I got out the gunk and cleaned up one of the engine shells, then bolted the two halves back together giving me a light-weight shell that I could build a frame around. The engine frame is going to be separate from the fan frame, with a flexible coupling between the two. The frame will fit to the engine using the existing engine mounting points; one below the cylinders, the other at the other end, on top of the gearbox. These mounting points already have rubber bushes built into them.
I welded up an H-shaped base to the frame then added two pairs of uprights for the mounting points, with one side leaning inwards so that the top ends are above the end of the gearbox. As I was doing this I spotted a problem – if the engine is supported directly by these uprights then the engine won’t be able to be removed! OK, so I changed the design to incorporate bolted-on plates to go between the engine and the uprights. Now, if I unbolt the plates I can remove the engine.
Back to the fan frame
With the 660-size belt hanging around both pulleys I worked out where I would need to weld the platform to carry the pulley and its bearings. I welded an angle bracket to the bottom of the fan frame, joining the frame legs together, to carry the bearing support platform.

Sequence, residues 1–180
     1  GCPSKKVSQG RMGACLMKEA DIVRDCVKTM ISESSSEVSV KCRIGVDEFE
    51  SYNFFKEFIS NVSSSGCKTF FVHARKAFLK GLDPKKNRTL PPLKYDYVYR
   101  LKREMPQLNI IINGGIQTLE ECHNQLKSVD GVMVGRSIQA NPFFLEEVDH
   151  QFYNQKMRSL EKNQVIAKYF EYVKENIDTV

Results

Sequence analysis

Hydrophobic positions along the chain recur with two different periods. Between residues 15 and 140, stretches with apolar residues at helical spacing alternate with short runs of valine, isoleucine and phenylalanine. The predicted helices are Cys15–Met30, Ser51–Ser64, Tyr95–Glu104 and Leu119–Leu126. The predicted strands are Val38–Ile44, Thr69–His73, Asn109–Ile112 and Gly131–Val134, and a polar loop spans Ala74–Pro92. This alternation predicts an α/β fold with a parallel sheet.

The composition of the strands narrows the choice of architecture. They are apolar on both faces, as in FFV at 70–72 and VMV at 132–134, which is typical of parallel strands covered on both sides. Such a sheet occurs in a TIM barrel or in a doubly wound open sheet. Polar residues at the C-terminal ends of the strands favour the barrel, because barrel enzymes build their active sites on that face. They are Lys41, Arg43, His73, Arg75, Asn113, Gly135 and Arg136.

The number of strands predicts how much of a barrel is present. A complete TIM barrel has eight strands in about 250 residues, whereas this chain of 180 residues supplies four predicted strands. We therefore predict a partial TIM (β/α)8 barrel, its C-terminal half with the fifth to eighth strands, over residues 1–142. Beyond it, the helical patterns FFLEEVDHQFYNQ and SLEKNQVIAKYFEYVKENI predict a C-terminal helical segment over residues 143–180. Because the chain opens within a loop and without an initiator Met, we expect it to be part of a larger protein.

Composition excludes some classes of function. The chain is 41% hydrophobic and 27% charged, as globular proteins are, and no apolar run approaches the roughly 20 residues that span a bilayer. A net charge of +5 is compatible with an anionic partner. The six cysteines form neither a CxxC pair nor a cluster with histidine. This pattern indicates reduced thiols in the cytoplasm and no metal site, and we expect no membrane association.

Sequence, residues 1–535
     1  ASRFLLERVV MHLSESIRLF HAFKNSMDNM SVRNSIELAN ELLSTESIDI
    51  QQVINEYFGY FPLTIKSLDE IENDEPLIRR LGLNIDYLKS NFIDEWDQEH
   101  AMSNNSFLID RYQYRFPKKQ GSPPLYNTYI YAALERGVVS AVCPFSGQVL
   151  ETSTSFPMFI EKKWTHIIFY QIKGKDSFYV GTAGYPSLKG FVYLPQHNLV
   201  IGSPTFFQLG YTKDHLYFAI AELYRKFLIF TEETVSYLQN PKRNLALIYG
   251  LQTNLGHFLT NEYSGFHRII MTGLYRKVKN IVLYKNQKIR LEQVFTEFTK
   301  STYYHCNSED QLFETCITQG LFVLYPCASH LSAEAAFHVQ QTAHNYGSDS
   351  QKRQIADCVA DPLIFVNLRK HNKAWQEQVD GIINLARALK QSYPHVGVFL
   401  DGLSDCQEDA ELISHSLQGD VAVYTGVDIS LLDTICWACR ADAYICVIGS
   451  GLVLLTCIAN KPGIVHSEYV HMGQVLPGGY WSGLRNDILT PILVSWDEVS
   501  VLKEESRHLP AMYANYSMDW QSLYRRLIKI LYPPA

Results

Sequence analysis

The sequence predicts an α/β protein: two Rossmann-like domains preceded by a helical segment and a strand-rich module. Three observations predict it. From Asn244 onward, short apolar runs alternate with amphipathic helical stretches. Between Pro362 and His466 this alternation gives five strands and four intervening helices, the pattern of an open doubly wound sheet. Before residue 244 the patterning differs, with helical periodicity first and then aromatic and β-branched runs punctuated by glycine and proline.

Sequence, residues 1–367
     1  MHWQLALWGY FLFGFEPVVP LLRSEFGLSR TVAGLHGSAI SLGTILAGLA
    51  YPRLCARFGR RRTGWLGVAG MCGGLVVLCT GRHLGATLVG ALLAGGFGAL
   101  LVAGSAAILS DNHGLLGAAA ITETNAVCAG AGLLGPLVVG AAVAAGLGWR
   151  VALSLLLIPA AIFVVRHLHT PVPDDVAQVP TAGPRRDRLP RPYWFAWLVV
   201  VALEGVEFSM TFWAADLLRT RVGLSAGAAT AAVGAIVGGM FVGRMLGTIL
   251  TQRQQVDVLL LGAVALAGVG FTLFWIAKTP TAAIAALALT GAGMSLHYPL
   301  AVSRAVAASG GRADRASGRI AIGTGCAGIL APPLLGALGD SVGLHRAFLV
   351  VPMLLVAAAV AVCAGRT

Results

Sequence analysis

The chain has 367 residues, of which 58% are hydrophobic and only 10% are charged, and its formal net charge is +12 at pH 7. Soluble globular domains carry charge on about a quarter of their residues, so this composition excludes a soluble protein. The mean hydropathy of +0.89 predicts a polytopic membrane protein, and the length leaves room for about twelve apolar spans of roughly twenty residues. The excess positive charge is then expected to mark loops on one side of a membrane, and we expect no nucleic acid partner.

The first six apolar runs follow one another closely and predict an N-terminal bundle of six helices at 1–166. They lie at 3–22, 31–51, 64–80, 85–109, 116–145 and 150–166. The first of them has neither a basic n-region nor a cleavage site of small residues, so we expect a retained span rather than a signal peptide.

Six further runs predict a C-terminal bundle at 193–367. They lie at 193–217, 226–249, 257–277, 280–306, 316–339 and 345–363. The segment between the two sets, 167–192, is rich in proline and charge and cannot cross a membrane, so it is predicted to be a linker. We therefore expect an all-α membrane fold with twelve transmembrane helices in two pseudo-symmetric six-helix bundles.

I then made some brackets to go on the bottom of the fan frame legs to bolt to the rubber anti-vibration mounts, and offered them and the fan frame to the duct. The fan frame has to be fitted so that the hub is at the very centre of the duct, and the frame will be vertical once it’s all in place. I put the duct onto its back and after making many adjustments drilled holes in the duct bell-mouth to fit the rubber mounts, and welded the brackets to the fan frame. The next thing I needed was a U-shaped bearing support platform in 3mm steel.
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